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ABC's of Elk Scouting Part 2 - "Remote Scouting"

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ABC's of Elk Scouting Part 2 - "Remote Scouting"

Postby WapitiTalk1 » 11 14, 2015 •  [Post 1]

Part 2 of this award winning Elk Scouting series ;) . As the 2015 elk season is starting to wind down, thoughts of next year's scouting and hunt plans are already starting to formulate in my head. Remote map work, tracking deadlines for special permit applications, scouting trips, deploying game cameras, locking in hunting partners, working out shared gear lists with buddies, personal gear inventory/prep, etc., are all part of the efforts that culminate in a successful hunt IMO. A big part of my annual elk hunt preparation involves "remote scouting" utilizing both hard copy maps, and, all the super cool internet map software available. Let's talk about the remote scouting/map work for pre-season elk scouting. Bear in mind this involves more than just throwing a dart at a map of an elk state and saying, "yep, that's where I'm gonna hunt". I'll start by saying much of the best start up information comes from area game biologists, harvest statistics (not that I only hunt the best statistical area by any stretch), USFS Ranger District intel, and of course any other folks from a target area that are willing to share some information. OK, now that you've narrowed your initial search down to an area or two..... what is recommended/involved in remote scouting map work to maximize your odds of hunting where there are some wapiti?
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Re: ABC's of Elk Scouting Part 2 - "Remote Scouting"

Postby Swede » 11 14, 2015 •  [Post 2]

Phantom16 wrote:Bear in mind this involves more than just throwing a dart at a map of an elk state


Huh? What else is there? Isn't that how we all do it?
I also like to talk with friends and others interested in elk hunting. I used to visit a few minutes with loggers when I could. I think loggers are just about extinct on National Forest land, but it was always interesting to hear what they had to say. They often see critters when they come to work at zero dark thirty or before. They see elk and elk sign around their logging areas. Loggers were often helpful.
When sitting here at my computer, I like to find identified springs, and then look at G.E. for nearby bedding areas. I don't pay a lot of attention to aspect. I don't care if the spring or bedding area is on a north slope, or south. I am checking out habitat. Benches, in good cover are more interesting to me than aspect.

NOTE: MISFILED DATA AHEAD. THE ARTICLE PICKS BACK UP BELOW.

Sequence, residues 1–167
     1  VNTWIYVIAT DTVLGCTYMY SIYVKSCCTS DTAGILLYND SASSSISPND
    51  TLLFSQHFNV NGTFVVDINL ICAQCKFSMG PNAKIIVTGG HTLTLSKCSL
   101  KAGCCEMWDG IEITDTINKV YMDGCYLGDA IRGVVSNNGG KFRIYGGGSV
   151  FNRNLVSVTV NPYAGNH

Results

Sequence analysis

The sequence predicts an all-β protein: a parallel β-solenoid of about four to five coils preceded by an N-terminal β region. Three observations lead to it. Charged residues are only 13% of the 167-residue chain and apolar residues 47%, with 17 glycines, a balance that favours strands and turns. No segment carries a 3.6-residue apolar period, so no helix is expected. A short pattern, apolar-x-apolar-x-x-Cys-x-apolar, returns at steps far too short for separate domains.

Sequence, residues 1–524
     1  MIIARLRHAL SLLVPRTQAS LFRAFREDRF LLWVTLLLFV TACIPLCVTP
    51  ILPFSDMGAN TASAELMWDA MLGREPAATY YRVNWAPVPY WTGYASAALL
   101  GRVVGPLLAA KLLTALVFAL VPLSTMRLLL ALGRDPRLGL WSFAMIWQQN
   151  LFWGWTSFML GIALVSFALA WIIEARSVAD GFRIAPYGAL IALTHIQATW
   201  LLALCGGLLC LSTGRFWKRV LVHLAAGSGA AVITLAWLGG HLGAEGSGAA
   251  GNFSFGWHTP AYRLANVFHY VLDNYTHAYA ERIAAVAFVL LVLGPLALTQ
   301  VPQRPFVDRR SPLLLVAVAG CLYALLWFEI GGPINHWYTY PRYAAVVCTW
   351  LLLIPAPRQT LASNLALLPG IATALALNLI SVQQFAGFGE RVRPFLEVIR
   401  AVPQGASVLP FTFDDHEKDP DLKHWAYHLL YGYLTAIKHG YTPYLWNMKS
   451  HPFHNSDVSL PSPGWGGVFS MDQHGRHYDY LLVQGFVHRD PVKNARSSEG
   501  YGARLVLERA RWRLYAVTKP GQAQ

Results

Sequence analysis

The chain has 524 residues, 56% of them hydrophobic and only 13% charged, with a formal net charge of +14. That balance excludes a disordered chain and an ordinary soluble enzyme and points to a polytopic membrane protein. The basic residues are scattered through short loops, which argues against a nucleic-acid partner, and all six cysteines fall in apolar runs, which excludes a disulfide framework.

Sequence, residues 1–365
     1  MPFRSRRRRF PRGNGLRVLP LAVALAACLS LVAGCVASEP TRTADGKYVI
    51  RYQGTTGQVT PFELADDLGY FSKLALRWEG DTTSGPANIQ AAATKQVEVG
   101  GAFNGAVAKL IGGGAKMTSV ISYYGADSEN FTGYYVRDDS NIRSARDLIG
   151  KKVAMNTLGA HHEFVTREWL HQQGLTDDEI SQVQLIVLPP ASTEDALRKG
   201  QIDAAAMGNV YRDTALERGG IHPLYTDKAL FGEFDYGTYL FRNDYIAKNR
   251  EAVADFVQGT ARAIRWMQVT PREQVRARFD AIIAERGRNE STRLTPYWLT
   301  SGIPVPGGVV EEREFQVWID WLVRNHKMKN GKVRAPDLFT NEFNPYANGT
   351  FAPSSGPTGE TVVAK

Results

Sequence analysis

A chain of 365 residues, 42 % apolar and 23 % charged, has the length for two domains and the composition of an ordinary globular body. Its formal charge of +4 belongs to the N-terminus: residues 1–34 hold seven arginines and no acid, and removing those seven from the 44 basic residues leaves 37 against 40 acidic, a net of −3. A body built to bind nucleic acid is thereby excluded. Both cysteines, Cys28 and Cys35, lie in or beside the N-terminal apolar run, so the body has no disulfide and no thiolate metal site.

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Re: ABC's of Elk Scouting Part 2 - "Remote Scouting"

Postby saddlesore » 11 14, 2015 •  [Post 3]

I don't do much scouting. I have hunted the same areas for so many years that I know where the elk are at. Of the five elk I have killed in the last 6 years, three of them were shot within 50 yards of the others. ( two bulls and a cow). The other two were where I hunt in ML season, but they were in the same general local.
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Re: ABC's of Elk Scouting Part 2 - "Remote Scouting"

Postby Luckyman » 11 15, 2015 •  [Post 4]

I did a 1st time solo archery diy Colorado elk hunt this year. I got a map from startmyhunt.com for a colorado archery hunt to supplement other remote resources. I did get into elk and at least the maps from a biologist reassure you about chosen spots. Of course in Colorado, there seems to be prime elk country everywhere, if you can deal with a few other fellow hunters.
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Re: ABC's of Elk Scouting Part 2 - "Remote Scouting"

Postby Lefty » 11 16, 2015 •  [Post 5]

Im an educator and have finally gotten to the point where I now have much of the summer off, :o from education.While Ill spend time on the internet, Il be setting bear baits, ATV and hke,.. boots on the ground stuff. Not so much "remote"map study
While I was able to hunt moose in the same area during multiple elk hunts I discovered a major situation. Many of the elk hunters were road hunters,.. And the elk didnt spend much time near the roads. According to some of the non archery elk hunters this area isnt hit hard by archers( yeah right). The first two weeks of October I noticed lots of elk and bugling bulls . Down where you would expect elk,.. away from the roads.
By chance I struck up a conversation with a rancher looking for cattle. According to him the elk have been leaving the flats a bit earlier every day because of the pressure,..
I also met a retired FS worker who is a friend of a neighbors,.. he wants to " show me around"

Right now my plan is to really see in August if the elk are patterning up the same ridges from the flats .
Hiking down :D all those ridge lines , and bottoms this summer with my wife picking me up at the very bottom.

While not archery elk hunting, I plan to know the owners of some creek bottoms,. Going to the "remote" county office; saw a nice white-tail buck
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Re: ABC's of Elk Scouting Part 2 - "Remote Scouting"